A symbol can be anything that represents something else. A symbol can be a photo, a line drawing, a word, or even an emoji.
When a person uses symbols, they can talk about things not present. Symbols can be words, pictures, or signs. Symbols represent objects, actions, feelings, and other concepts. Glued together by grammar, these form language.
When we talk, we use spoken words as symbols. These symbols communicate our ideas to the listener. These days, we often send emails or text messages. The written words tell our story. Emojis help convey the emotions that are usually transmitted by body language and tone of voice. We use whatever we need to get our message across. That’s okay.
Symbols don’t have to be words. Here are some other examples of symbols:
- A toy banana is used to represent the real fruit.
- A rough texture is used to represent “bad” and soft texture is used to represent “good”.
- A photo reminds us of a person who is important to us.
- A colorful drawing of a pizza is used to communicate the concept “pizza”.
- A line drawing, such as a New Yorker cartoon, represents a whole joke.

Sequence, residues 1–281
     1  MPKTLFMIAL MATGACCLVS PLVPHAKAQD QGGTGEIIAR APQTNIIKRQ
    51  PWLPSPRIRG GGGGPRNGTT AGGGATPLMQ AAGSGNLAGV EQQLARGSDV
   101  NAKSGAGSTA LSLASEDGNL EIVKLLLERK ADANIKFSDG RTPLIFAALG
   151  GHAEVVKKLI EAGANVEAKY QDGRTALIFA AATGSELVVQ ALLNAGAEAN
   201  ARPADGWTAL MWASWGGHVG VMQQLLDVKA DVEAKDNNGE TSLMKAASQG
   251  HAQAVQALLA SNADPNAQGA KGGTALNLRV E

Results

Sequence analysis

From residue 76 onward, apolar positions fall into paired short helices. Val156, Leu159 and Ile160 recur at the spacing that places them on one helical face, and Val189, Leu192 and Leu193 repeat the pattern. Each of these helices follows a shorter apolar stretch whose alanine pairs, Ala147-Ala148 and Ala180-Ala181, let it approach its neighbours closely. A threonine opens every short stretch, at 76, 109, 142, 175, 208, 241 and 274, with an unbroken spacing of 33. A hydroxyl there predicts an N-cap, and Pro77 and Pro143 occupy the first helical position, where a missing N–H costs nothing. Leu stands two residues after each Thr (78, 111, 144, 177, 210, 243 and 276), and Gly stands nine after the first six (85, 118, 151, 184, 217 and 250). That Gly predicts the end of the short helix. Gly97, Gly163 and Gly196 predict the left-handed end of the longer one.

- Sign Language – A sign language interpreter uses her hands, face, and body to convey a speech to a listener who is Deaf.
What if someone doesn’t have a voice? Or can’t yet use language to tell us what they are thinking? We will need to find the right kind of symbol to help them. What symbol we use will depend on the needs of that individual person. In this case, we probably don’t want to jumble together a random grouping of photos, pictures, and drawings. It will help if we use something consistent.
Sometimes communication tools use “symbol sets”. These are groups of symbols that share some common characteristics. Many people are familiar with the Boardmaker Picture Communication symbols that are used in PECs books. That is just one example.
Bliss Symbols weren’t created for use in AAC. In the 1970s, a teacher at a school in Canada discovered the Bliss Symbolics book. The school began to use the symbols to help their students with cerebral palsy communicate. One day, a teacher asked a student what he wanted to be for Halloween. He chose the symbols for, “Creature drinks blood night.” He wanted to be a vampire! This is the power of using AAC for functional communication.
Which set of symbols should you use? The one that works for that particular person. If they can read, they might need text to speech. If they are an emergent communicator, picture symbols might be the right choice. If someone has low vision, tactile symbols might do the trick. Just know that these symbols can make a world of difference for the person you support.